As male participation in parenting has not kept up with female participation in the workforce, the government should amend parental leave regulations, advocacy groups said on Tuesday.
The groups — including the Childcare Policy Alliance, the Birth Empowerment Alliance of Taiwan and the Awakening Foundation — cited studies showing that fewer men take parental leave, saying that this discourages women from having children. Legislation requiring employers to pay men on paternal leave 90 percent of their regular wages could curb this trend, they added. Other studies seem to back up the groups’ claims.
A study by Boston College’s Center for Work and Family found that men with an annual salary of US$100,000 or more were reluctant to take parental leave, but nearly all admitted that they would if they received full pay, a Feb. 19 article in the New York Times said.
California introduced legislation stipulating that employees on parental leave must receive 60 to 70 percent of their regular wages for up to six weeks, but the new law only induced a small increase in the number of men taking leave, the Times reported.
Men are most likely to take parental leave when they receive 70 percent or more of their salary, the article quoted researcher Brad Harrington as saying. At 90 percent of their salary, all of the men in his study would take parental leave, Harrington said, adding that men are concerned about earning enough to support their families, particularly while their wives are on leave to recover from giving birth.
Wages in Taiwan are low and while employers ease the pain of this with annual bonuses, men requesting parental leave might worry that their bonus could be affected, particularly when many Taiwanese are expected to work unpaid overtime and employees generally only leave the office after their bosses do.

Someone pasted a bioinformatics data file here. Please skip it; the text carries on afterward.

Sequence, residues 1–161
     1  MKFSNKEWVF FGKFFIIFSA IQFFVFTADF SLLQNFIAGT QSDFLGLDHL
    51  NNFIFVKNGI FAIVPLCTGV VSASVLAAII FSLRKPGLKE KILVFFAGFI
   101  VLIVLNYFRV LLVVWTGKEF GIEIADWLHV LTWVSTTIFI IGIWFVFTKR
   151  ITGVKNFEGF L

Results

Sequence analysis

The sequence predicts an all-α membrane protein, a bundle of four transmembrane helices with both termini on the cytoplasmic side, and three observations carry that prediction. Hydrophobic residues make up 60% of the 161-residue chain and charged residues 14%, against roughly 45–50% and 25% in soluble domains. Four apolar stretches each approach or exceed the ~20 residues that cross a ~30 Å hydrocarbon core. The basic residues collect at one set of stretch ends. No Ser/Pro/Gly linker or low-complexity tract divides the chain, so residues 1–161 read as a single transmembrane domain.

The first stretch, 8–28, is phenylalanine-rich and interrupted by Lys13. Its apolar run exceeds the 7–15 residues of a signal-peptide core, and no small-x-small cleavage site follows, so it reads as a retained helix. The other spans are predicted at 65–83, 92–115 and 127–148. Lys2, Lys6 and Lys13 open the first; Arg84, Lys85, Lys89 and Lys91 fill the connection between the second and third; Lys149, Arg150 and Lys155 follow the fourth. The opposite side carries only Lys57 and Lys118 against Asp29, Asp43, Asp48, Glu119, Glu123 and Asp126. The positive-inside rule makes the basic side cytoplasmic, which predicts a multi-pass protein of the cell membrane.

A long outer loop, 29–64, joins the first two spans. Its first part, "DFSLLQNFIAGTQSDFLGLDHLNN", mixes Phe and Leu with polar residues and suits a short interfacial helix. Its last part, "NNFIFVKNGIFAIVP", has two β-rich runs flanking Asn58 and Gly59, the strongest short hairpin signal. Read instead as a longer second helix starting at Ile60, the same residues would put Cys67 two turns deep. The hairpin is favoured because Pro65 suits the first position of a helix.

There is still a gender gap in salaries, with a study released in March 2018 by the Ministry of Labor showing that women at the time earned 14 percent less than men.
The pay gap is significant enough that a male wage earner would need to continue receiving most of his regular salary if a couple expected to maintain their standard of living while he takes parental leave.
With the birthrate in Taiwan at record lows, the government knows that current parental leave regulations are a hurdle to promoting childbirth. In 2009, the Act of Gender Equality in Employment (性別工作平等法) was amended to allow those receiving unpaid parental leave from their employer in the first six months after a child’s birth to apply to the government for 60 percent of their wages.
On Dec. 4 last year, the Act of Assignment for Officers and Non-commissioned Officers of the Armed Forces (陸海空軍軍官士官任職條) was amended to allow those who have served in the military for at least six months to apply for parental leave.
However, Chinese Nationalist Party (KMT) Legislator Wan Mei-ling (萬美玲) in March said that parental leave regulations in the Labor Standards Act (勞動基準法) have not been revised for 36 years and fall below international standards.
Parental leave is crucial for both parents. The government should ensure that both can be with a newborn, to bond with the child and share in the parenting workload — while not being unduly affected financially. It is in the government’s interest to address this issue, which has such a direct impact on increasing the nation’s birthrate.
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